Thursday, 24 February 2011
Tuesday, 22 February 2011
Monday, 14 February 2011
Thursday, 10 February 2011
Tuesday, 8 February 2011
Friday, 4 February 2011
Four countries, four museums in just a few seconds, it’s been a journey. This all became possible with the launch of Art Project powered by Google, simply street view in 17 of the world’s most famous museums. You can travel from Italy, to Russia to America and right back to Britain at a touch of a button, getting a 360-degree look inside museum collections. You can even view one chosen piece of artwork, (that is by the museums themselves) microscopically; a term “gigapixel” has been coined to describe this type of resolution. But what will this do, can it help or will it aid a digital generation with yet another excuse not to experience life in all its realism?
For me, I am undecided, only time will tell. But what is sure is that the software needs some work, the images are poor and the collections are rather canonised, no surprise there though. But what is good is that this software will definitively get more people looking at artworks that might never have thought it possible to see MOMA or the Palace of Versailles in their lifetime. Lets see what happens.
Image above is section of "The Starry Night" by Vincent Van Gogh in MOMA.
The new John Stezaker exhibition opened last weekend at the Whitechapel Gallery, so I wondered down on the opening sunday to take a look. What initially struck me was just how busy the show was, I hadn't anticipated so many people and found myself quite surprised by the turnout. The exhibition is stunning. I have always been a great fan of Stezaker and seen much of his work through his gallery The Approach, but this is quite an experience.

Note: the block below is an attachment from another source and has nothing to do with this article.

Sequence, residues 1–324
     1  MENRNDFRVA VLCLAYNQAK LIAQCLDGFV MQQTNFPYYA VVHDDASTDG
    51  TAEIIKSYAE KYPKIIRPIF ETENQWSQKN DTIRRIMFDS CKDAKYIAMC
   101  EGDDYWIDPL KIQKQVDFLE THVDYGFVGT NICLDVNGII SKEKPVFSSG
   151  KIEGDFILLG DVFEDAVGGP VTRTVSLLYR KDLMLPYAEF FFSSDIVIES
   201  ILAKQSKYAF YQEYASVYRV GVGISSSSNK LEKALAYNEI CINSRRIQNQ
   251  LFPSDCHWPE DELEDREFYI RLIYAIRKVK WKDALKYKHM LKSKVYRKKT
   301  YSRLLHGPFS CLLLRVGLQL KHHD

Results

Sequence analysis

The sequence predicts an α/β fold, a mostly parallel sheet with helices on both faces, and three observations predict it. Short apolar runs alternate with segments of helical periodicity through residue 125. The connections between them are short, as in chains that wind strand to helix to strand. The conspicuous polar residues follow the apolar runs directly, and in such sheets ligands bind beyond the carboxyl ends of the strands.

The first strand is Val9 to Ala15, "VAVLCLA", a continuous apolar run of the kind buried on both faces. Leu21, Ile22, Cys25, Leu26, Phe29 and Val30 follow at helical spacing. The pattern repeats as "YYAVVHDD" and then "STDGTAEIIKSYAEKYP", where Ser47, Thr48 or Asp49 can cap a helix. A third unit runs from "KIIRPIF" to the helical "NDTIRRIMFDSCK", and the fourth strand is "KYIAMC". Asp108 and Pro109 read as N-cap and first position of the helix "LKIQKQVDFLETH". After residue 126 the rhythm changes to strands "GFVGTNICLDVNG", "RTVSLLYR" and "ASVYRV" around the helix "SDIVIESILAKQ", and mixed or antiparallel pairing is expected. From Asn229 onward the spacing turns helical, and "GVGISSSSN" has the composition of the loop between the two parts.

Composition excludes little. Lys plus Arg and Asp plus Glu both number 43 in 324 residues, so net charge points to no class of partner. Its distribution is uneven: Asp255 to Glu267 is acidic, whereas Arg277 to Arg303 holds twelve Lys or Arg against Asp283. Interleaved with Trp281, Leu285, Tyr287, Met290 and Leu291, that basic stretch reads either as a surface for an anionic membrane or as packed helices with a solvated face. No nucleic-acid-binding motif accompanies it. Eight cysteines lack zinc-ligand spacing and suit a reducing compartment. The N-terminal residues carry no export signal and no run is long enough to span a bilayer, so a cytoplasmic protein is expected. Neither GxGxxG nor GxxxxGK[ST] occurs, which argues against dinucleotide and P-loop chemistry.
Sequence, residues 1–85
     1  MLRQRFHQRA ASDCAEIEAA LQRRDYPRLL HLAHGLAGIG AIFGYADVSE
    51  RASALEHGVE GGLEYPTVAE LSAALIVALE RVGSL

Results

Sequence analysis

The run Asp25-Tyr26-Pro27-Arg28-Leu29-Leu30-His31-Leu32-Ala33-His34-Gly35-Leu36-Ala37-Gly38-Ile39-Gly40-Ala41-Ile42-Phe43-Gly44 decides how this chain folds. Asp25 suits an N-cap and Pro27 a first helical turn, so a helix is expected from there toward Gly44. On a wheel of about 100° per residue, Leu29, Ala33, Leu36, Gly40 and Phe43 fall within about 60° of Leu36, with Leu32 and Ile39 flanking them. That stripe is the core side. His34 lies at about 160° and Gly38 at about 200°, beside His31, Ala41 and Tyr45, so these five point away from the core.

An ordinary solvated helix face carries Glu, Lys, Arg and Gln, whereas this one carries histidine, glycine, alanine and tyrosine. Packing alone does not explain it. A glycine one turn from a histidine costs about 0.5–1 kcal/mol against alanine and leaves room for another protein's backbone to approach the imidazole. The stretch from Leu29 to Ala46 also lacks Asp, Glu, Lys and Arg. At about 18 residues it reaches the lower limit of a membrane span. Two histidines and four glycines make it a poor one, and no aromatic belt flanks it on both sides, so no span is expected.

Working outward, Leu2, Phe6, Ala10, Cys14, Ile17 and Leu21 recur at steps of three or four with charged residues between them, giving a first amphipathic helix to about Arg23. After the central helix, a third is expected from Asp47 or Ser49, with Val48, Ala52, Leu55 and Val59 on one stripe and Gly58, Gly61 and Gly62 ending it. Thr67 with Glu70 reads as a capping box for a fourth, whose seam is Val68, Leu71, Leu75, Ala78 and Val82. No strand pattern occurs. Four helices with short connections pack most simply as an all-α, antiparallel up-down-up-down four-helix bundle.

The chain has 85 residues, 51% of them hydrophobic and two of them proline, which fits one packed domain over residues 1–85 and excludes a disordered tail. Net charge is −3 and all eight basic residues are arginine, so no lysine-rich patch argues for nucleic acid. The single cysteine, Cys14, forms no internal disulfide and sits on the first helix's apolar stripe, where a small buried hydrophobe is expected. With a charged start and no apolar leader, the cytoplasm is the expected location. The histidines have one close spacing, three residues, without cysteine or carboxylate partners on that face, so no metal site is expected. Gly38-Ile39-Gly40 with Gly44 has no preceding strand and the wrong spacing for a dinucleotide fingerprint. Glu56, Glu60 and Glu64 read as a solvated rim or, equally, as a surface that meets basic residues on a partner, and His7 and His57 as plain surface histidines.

The show brings together over 90 works from 1970 up until the present day and each and everyone is beautifully crafted and offers up the audience new ways of seeing. The Whitechapel explains “His ‘Dark Star’ series turns publicity portraits into cut-out silhouettes, creating an ambiguous presence in the place of the absent celebrity. Stezaker’s way of giving old images a new context reaches its height in the found images of his Third Person Archive: the artist has removed delicate, haunting figures from the margins of obsolete travel illustrations. Presented as images on their own, they now take the centre stage of our attention.” This series I found to be very inspirational and very good research material when thinking about the notion of the Punctum. For me, these pieces were one of my favorites as well as "Stolen Sky, 1976" and "Sublime, 1987-1998."
If you haven't yet been to the Whitechapel to see this exhibition you must, also there is a great show by welsh artist Betham Huws which is also worth a visit, her textual pieces I found to be very inspiring.“A series of wall texts show Huws’ research into the French idiomatic expressions she has found in the work of Marcel Duchamp, offering both a possible interpretation of his work, and an indirect way of understanding hers.”
Image above, Love XI, 2006, collage. Private Collection, Switzerland. © The Artist.
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